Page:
Easy care lavenders are among life’s simplest pleasures. Queen Elizabeth the First was a lavender junkie. She demanded a year round supply for fragrance and for her lavender tea, which she drank in copious quantities to soothe migraine headaches. Luckily for them, her gardeners knew the art of preserving lavender for year round use, but they’d have given their eye teeth for all the different lavender varieties we have available to us today.
When it comes to choosing a small shrub or flowering hedge for your garden, lavenders have stood the test of time as some of the most accommodating shrubs of all. Fragrant, colourful lavenders suit any size or style of garden, and are so quick growing, easy and versatile, that they never go out of fashion. Excellent as hedges or mass planted, they also grow well in containers and mix beautifully with other sun loving Mediterranean herbs such as rosemary, sage, oregano, and thyme.
Use lavenders to create low borders for herb and rose gardens, along fence lines, paths or driveways. For an informal tapestry effect (ideal on a sloping site), cluster different lavender cultivars in varying shades of purple, blue, white or pink.
Summer flowering Lavandula angustifolia, native to high altitude Mediterranean regions, is the most sought after for perfumes and medicines. The precious oil is contained in vivid blue –purple flowers. A long history of use in English gardens is responsible for these Mediterranean natives being known as the ‘English lavenders’. They are cold hardy and compact with flowers held on long stems, perfect for picking and drying. A favourite for little hedges is Lavandula angustifolia ‘Hidcote’. Considered to be the hardiest of the English lavenders, it grows 30-40cm tall and wide with silver leaves and rich violet-blue flowers.
Spike lavender (Lavandula latifolia), which grows at lower altitudes, has broader foliage and paler flowers, but a particularly high oil content.
Lavandin (Lavandula x intermedia) is a hybrid of the two, and a leader in the perfumery industry due to its high yields. Many excellent garden cultivars, such as ‘Grosso’, belong to the lavandin group.
The earliest and longest flowering lavenders belong to the Lavandula stoechas group of cultivars, variously known as winged lavender, Spanish lavender, and French lavender. They commence flowering from mid winter through spring, some of them flowering for most of the year. Though not as frost hardy as the English lavenders, they are ideal for our warmer coastal climates. Wild Lavandula stoechas inhabits the rocky coastlines of Europe, particularly France. It was once used to dress war wounds and has a long history as a perfume for baths, because of its strong camphor-like fragrance. Try doing as the Romans did and add the flowers to your bath water.
Look for the new Royal Lavenders:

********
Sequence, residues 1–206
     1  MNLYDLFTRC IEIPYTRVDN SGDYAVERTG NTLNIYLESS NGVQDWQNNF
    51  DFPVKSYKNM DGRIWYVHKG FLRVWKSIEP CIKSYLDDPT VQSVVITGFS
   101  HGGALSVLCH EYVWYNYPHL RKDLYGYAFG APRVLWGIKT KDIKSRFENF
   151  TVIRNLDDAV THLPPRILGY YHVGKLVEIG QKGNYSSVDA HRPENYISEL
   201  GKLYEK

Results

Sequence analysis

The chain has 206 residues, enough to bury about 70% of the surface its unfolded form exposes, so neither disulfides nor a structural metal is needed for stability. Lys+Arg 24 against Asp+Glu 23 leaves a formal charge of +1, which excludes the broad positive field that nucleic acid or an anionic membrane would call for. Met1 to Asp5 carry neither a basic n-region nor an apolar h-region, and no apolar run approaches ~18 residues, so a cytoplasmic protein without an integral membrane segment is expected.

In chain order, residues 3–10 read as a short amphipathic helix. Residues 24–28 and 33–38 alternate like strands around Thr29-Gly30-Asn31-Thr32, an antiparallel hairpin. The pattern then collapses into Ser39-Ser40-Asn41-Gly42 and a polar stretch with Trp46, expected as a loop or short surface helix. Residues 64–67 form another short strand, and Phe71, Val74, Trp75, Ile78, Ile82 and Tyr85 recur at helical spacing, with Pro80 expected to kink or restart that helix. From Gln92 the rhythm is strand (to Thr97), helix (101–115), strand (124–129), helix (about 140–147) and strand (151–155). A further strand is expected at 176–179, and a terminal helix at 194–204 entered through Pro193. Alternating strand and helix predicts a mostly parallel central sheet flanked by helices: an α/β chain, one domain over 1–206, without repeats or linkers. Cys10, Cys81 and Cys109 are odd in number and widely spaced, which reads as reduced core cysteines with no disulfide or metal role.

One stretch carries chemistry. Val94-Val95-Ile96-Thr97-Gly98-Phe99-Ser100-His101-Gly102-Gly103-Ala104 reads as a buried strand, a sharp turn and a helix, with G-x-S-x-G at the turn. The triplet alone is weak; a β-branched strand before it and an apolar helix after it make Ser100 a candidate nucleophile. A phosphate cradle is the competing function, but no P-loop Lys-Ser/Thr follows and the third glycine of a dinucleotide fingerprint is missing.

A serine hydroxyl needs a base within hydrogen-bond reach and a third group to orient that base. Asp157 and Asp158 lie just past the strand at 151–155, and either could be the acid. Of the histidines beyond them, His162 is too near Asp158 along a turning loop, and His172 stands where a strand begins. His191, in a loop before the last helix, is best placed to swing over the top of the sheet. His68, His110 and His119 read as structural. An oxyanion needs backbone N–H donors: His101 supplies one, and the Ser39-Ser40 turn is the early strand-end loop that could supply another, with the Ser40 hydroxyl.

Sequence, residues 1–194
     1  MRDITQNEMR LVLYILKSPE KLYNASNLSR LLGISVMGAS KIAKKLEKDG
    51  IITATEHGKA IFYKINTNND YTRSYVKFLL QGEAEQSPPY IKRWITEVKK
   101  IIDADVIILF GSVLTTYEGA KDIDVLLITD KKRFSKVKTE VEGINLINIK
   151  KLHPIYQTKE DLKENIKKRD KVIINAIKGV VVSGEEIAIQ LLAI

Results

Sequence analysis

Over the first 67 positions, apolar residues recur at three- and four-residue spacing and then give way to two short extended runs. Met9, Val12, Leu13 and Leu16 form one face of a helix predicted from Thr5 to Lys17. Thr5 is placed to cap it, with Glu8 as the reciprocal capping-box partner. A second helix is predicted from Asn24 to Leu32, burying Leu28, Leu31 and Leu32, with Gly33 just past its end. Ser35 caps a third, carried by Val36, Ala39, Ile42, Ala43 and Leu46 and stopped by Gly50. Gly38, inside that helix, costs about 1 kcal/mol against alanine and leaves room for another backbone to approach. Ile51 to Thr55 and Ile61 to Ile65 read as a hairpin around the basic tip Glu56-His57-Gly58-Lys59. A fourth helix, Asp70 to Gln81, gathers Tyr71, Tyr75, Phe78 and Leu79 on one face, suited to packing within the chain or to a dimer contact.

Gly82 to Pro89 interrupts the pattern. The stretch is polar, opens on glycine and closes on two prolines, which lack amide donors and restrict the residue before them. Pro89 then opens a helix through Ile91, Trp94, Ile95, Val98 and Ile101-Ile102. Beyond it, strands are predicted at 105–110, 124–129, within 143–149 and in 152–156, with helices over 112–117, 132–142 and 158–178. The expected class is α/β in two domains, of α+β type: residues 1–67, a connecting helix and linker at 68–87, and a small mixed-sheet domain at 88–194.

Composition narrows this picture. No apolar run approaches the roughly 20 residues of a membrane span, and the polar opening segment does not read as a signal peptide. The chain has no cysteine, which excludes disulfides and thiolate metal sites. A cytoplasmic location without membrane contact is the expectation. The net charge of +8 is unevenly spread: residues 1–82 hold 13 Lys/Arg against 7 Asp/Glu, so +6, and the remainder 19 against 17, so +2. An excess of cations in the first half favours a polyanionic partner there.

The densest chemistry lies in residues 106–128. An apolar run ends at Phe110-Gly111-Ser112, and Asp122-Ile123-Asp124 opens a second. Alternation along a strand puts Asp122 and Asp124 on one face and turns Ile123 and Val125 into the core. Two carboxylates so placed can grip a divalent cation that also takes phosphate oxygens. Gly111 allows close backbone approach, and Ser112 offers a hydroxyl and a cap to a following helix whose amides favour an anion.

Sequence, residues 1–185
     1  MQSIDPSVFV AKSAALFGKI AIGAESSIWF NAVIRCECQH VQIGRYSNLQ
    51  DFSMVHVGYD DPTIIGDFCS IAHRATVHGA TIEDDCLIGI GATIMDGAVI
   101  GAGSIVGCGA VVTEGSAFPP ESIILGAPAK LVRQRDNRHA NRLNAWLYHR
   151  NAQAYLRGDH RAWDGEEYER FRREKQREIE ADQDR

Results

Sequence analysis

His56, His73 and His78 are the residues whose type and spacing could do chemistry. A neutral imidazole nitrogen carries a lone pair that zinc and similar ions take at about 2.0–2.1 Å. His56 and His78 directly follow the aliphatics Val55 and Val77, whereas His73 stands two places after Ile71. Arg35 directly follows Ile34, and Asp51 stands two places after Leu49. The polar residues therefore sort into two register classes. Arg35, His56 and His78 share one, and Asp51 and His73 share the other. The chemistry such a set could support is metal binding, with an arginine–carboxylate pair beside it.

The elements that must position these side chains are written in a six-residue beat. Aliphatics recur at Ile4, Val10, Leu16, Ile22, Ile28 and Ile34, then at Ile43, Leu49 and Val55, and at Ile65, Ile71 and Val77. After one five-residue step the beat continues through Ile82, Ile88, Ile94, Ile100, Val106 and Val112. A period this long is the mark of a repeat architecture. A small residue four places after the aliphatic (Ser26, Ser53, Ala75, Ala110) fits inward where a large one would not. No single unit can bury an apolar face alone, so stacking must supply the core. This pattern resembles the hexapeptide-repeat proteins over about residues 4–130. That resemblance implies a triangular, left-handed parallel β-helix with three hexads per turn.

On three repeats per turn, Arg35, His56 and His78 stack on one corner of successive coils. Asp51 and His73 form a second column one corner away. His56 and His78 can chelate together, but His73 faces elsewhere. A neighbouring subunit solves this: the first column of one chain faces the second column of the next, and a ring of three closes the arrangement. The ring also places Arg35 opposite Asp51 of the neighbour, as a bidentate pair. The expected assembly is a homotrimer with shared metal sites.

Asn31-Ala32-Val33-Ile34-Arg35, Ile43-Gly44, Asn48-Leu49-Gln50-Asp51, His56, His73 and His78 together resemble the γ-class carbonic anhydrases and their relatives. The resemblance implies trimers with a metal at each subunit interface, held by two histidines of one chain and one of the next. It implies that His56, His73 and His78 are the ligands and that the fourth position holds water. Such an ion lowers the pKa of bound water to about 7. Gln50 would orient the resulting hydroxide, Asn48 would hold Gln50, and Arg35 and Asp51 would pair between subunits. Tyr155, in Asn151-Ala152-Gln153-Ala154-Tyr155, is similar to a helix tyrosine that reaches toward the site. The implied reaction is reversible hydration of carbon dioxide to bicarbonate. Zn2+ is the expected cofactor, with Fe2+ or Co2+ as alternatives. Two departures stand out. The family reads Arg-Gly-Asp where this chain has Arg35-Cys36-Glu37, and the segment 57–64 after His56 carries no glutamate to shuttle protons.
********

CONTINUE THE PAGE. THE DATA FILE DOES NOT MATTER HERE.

The Ruffles collection, ‘Boysenberry’, ‘Blueberry’, ‘Raspberry’ and 'Vanillaberry'are early and repeat flowering, with compact growth to 60cm tall by 80cm wide. Chunky bracts are distinctively ruffled along their margins. Flowers sit just above the foliage offering extra tolerance to humid conditions.
Other top performing cultivars include the most popular ‘Major’, NZ raised ‘Marshwood’ and 'Pukehou', and early flowering ‘Avonview’.They have showy purple flowers for many months in spring and summer. A trim after the main flush will stimulate a second flush from late summer.
With so many different varieties available how do you pick one for a hedge or mass planting? Firstly, select a type that grows well in your soil and climate. Then consider the growth habit you prefer. Lavenders vary in height, and although you can control height to a degree with trimming, it’s best to choose a variety with a natural tendency to the height you desire. Colour also varies widely, so it’s helpful to make your choice while plants are in flower.
Purchase young healthy plants, with bushy growth right to the base. With a string line as guide, space plants 30 to 40cm apart for stoechas varieties. Smaller growing summer lavenders (L. angustifolia types) are best planted 15 – 20cm apart.
Water after planting and keep the soil moist while plants establish. Trim regularly to encourage neat bushy sideways growth and you’ll have an established looking hedge in the space of a season.
Lavender needs pruning at least once a year to encourage new growth and flowers, and avoid that leggy look. As a rule, pruning is carried out immediately after flowering. The promiscuous flowering stoechas lavenders can be pruned after the first flush, which usually means cutting off a few flowers. Keep trimming after each flower flush - light and often is ideal. Otherwise, plan a twice-yearly haircut, in spring and again in late summer (flowers or not) to keep your stoechas hedge in shape.
Avoid cutting into bare wood.
Lavender The Queen
The Silver Princess
The Princess Lavender